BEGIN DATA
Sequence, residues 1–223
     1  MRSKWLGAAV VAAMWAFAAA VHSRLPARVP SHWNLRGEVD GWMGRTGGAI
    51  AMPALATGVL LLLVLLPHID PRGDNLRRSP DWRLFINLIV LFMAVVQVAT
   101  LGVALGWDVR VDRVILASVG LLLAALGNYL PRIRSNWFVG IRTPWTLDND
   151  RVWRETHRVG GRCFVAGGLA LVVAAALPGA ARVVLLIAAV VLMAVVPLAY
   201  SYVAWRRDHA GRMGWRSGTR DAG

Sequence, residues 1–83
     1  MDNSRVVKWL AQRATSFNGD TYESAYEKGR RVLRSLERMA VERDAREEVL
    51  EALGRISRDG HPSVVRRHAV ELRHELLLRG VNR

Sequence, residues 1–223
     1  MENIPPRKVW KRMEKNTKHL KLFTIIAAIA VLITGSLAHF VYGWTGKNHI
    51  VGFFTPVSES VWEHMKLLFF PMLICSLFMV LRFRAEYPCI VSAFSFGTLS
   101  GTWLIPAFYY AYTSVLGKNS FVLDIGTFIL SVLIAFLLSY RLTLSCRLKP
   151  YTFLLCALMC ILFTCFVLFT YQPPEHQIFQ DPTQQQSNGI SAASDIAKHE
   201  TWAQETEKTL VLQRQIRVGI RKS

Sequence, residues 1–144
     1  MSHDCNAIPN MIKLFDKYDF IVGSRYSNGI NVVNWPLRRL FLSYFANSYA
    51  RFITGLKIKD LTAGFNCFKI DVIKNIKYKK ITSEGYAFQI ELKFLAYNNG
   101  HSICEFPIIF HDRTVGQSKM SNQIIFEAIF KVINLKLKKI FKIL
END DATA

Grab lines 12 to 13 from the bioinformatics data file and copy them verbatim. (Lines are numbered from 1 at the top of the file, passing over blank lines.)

    51  VGFFTPVSES VWEHMKLLFF PMLICSLFMV LRFRAEYPCI VSAFSFGTLS
   101  GTWLIPAFYY AYTSVLGKNS FVLDIGTFIL SVLIAFLLSY RLTLSCRLKP